Prior to the municipality of Agua Buenas being established in 1838 in Puerto Rico, it was once a part of Caguas and you should look at Caguas church records prior to this church being established. The municipality sits just northwest of Caguas.  The reason I mention this is because new researchers think that the towns have always been there as they are today. This isn't the case throughout the Caribbean. The island of Puerto Rico has gone thru some major transitions over time. It is important that you read up on history to avoid struggling trying to find your ancestors.

Index of Books


Baptism Books


Marriage Books

Confirmation Books

Death Books



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July 16, 2017

Adjuntas Digitized Church Records 1812 - 1952

The municipality of Adjuntas is north of Yauco and was established 1815.  The municipality exists off a mountainside.  The area is known for its cooler temperatures and was once part of the Coamo.  The church for this municipality when it was established is San Joaquin.  Most of the Baptism books have Indexes either in the front or the back of the books. The baptism records are complete. I was surprised to not see books for freed blacks or those in slavery.  The digitized church records are as follows:

Book of Baptisms from 1815 thru 1921





Books of Marriages 1815 - 1921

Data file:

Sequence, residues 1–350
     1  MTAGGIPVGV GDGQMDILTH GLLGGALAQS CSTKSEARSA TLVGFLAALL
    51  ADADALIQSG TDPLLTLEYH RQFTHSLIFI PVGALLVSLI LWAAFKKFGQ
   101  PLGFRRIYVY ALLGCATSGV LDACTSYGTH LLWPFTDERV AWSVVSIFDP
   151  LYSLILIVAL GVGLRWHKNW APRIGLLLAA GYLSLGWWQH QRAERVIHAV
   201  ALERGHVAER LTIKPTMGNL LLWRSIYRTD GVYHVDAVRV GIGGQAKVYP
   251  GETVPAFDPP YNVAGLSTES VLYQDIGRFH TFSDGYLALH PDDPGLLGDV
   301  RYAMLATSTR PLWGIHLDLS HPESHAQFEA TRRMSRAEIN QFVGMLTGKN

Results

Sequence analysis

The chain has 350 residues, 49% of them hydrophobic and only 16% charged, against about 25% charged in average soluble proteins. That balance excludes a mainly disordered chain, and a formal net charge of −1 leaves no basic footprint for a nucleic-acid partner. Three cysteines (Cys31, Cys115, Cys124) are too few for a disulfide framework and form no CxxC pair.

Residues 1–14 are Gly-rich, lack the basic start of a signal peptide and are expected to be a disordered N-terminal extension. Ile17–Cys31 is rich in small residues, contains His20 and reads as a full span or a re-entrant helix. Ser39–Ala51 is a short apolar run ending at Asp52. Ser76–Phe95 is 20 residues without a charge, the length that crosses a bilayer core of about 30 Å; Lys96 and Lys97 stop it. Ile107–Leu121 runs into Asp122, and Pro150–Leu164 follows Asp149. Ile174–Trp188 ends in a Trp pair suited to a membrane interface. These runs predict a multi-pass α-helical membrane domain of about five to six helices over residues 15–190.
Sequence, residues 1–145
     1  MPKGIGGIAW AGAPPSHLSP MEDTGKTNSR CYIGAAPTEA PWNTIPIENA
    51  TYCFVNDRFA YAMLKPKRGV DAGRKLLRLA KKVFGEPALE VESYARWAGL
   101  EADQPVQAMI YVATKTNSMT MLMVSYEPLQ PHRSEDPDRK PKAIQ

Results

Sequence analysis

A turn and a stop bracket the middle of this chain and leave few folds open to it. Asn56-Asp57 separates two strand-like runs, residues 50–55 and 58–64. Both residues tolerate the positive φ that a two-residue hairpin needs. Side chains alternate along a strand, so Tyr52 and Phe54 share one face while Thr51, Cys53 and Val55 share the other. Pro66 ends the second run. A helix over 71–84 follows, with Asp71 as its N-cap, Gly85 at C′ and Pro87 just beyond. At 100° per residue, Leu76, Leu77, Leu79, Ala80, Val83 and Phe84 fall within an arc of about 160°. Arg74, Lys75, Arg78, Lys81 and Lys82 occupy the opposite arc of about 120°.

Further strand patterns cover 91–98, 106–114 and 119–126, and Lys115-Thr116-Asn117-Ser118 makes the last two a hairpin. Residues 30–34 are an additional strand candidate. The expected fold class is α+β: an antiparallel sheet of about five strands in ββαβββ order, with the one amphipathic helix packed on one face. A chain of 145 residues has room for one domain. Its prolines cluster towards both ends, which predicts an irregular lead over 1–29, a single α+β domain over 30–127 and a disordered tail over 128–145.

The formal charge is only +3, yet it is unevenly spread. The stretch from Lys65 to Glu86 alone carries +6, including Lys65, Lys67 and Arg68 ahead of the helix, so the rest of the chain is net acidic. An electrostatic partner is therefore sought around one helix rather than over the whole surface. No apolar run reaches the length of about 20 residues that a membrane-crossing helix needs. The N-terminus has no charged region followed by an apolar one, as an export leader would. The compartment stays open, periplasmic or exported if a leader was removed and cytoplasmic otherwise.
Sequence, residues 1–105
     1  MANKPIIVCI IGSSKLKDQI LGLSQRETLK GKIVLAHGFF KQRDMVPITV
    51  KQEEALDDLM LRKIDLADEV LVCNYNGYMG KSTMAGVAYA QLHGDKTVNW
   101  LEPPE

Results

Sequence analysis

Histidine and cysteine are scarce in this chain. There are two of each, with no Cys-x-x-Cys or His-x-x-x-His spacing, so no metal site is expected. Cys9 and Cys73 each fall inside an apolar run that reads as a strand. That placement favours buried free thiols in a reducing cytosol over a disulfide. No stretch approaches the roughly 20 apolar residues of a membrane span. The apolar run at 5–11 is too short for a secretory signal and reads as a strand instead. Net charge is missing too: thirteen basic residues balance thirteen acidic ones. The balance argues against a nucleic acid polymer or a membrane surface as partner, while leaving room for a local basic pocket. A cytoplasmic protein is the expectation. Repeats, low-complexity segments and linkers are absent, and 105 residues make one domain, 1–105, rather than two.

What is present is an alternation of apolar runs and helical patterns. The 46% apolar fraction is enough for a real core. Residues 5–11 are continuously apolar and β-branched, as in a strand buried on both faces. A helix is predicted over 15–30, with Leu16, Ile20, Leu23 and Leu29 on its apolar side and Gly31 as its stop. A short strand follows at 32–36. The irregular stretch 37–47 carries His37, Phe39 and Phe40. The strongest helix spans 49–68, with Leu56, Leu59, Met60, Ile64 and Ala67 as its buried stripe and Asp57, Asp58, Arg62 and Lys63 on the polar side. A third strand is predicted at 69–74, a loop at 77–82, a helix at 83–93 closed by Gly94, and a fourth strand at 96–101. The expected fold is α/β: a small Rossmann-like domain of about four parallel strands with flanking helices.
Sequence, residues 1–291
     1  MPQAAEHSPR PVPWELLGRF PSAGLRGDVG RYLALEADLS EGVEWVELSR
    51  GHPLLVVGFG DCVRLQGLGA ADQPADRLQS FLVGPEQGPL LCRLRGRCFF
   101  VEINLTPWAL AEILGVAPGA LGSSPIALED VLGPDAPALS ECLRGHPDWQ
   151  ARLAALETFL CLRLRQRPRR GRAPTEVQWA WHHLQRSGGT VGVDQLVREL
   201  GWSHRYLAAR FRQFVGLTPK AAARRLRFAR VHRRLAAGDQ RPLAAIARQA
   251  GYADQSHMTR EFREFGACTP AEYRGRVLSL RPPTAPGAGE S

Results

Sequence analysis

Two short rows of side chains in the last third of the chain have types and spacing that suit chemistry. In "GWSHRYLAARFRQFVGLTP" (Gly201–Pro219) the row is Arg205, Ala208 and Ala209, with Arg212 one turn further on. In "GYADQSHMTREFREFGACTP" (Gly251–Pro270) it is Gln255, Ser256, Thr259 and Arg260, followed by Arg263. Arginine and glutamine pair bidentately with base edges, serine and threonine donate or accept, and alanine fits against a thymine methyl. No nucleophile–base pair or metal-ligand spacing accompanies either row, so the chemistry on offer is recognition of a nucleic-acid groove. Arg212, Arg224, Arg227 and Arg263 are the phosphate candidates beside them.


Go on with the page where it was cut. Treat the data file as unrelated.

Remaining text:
Books of Confirmations 1829 - 1923


Book of Deaths

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July 15, 2017

Manumissions on Trinidad and Tobago, Barbados, and Jamaica

Manumissions is the act in quick a slave owner frees their slaves. When Britian ended slavery, many slaves were manumitted and their masters were compensated for freeing them.Some were manumitted even prior to end of slavery. While there are manumissions records available for Trinidad and Tobago, it will require that you make a trip to your local Family History Center (FHC) to view them.  You can read on how to access a FHC by reading my post Finding a Family History Center for Free Research

These manumission records actually cover three different island countries, Jamaica, Barbados, and Trinidad and Tobago. The cover the time period of 1780 - 1840. In addition, there are records on Indentured Servants that many will want to review. Note that many will be listed by slaver owner's last name. You can use this blog post when you arrive to view them at the FHC.







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Africans captured to be sold into slavery

Bahamas Chancery, Dower, and Court Records 1791 to 1917

Chancery records are actually extremely important in researching your ancestry.  Whether your ancestors are European, African or African descent, or Native American.  These types of records help you in figuring out if the ancestor you seek will be listed.

When it comes to slavery, Africans and their descendants were treated like assets. While they are hard to stomach that ancestors were in this situation, it is part of our history and I personally would like to understand what they faced.  Chancery records tend to contain information about divorces, business disputes, settlements in estates, and dispute over land. These records are also available for the Bahamas.  The following are Chancery records for the period of 1800 to 1859.  They are digitized and available to be view from your home.

Dowers are another good recourse in finding family information as it involves what a widow will or will not attain upon her husband's death or vice versa.  These records start in 1791 and end in 1917.  This is 126 years worth of records.  They are as follows: